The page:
To scientifically determine that a gene-edited organism is the same as one produced by traditional breeding it would be necessary to examine the sequence of the entire genome and the detailed composition of the gene-edited organism, including the proteins and metabolites – as revealed in analytical methods known as ’omics. The technologies to do this are available and have been recommended for inclusion in GMO risk assessments.
Gene editing methods vary. This has not been recognised in the information accompanying this consultation but any rational discussion of regulation and evaluation criteria must take this into account.
Although gene editing is often described as using a process of ‘tweaking’ or making a ‘simple cut’ in the DNA of an organism, in most cases it involves much more invasive processes including the insertion of a genetic repair ‘template’ containing instructions for how the organism should repair itself after it has been damaged by the initial cut. It can also involve the insertion of foreign or ‘trans’ genes.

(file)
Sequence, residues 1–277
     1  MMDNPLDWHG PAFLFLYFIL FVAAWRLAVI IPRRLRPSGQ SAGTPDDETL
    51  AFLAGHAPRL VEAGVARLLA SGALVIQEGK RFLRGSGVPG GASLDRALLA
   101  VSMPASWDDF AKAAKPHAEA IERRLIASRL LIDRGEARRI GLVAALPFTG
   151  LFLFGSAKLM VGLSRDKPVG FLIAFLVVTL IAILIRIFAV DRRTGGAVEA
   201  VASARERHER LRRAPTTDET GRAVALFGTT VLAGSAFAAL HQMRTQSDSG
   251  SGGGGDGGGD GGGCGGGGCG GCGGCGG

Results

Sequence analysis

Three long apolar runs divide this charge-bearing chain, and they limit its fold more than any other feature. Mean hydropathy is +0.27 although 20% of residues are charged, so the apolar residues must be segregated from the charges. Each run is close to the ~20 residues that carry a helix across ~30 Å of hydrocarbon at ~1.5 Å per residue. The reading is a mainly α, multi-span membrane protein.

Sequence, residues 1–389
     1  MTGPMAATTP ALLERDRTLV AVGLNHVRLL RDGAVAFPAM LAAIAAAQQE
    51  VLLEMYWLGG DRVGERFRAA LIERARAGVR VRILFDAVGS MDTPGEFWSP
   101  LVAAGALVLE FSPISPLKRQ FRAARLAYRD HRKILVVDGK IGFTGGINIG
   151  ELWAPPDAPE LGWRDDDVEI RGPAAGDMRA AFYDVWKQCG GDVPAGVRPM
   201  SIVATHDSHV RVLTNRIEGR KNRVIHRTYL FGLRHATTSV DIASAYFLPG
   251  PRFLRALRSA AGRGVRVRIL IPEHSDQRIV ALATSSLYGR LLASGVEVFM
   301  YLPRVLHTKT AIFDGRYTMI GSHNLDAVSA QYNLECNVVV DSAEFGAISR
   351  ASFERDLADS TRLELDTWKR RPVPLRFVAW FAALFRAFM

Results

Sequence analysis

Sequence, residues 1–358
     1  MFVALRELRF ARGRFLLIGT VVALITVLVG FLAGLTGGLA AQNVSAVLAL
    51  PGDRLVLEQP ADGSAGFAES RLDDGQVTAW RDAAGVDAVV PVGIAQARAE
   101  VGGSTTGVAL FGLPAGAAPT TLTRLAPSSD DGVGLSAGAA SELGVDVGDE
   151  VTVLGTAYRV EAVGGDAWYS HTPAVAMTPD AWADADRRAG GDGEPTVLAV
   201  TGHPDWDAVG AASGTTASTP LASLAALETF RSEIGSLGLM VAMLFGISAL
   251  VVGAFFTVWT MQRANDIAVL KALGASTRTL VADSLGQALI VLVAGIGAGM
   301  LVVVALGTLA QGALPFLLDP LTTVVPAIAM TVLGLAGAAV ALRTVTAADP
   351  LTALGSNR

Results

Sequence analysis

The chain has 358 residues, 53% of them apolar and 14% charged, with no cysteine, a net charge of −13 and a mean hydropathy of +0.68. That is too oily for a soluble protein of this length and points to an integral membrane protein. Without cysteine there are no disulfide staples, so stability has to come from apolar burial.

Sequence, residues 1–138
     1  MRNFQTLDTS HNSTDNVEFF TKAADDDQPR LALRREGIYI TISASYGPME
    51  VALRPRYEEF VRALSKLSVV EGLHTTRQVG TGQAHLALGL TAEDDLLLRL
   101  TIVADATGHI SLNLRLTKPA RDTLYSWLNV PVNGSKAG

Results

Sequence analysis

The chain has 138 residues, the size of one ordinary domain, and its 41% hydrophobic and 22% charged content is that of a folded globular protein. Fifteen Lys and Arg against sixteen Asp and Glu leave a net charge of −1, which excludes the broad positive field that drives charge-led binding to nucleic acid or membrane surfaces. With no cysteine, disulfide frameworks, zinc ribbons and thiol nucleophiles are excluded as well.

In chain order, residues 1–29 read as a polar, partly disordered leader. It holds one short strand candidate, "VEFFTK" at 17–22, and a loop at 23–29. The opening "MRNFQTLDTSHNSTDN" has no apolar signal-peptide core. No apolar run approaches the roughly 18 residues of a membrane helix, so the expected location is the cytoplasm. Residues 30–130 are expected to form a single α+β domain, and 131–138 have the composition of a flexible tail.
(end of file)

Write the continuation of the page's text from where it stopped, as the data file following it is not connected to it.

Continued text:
Even the few countries that have deregulated gene editing have only done so with one type of gene editing (known as SDN-1) which does not use a repair template. The other methods continue to be regulated as GMOs.
However, these (SDN-1) procedures should not be assumed to lead to effects that could be found in nature or through traditional breeding. Even SDN-1 procedures have been found to lead to unwanted mutations (see here and here).
A recent study on rice, for instance, found that SDN-1 gene editing using CRISPR unexpectedly caused large insertions, deletions, and rearrangements of DNA. This raises the possibility that the function of genes other than the one being targeted could have been altered. The researchers warned: “Understanding of uncertainties and risks regarding genome editing is necessary and critical before a new global policy for the new biotechnology is established”.
Record keeping and audit trail criteria
As some impacts of the gene editing process may not be immediately identifiable, we need an international public register of gene editing events used in the specific product (crop or animal) that will enable tracing and monitoring over time.
This register would form the basis of a supply chain audit and product labelling of the type already used in farming and food from the Red Tractor Scheme through to organic certification. The methods and protocols of such schemes are well developed and could be readily adapted.
Social, ethical and values-based criteria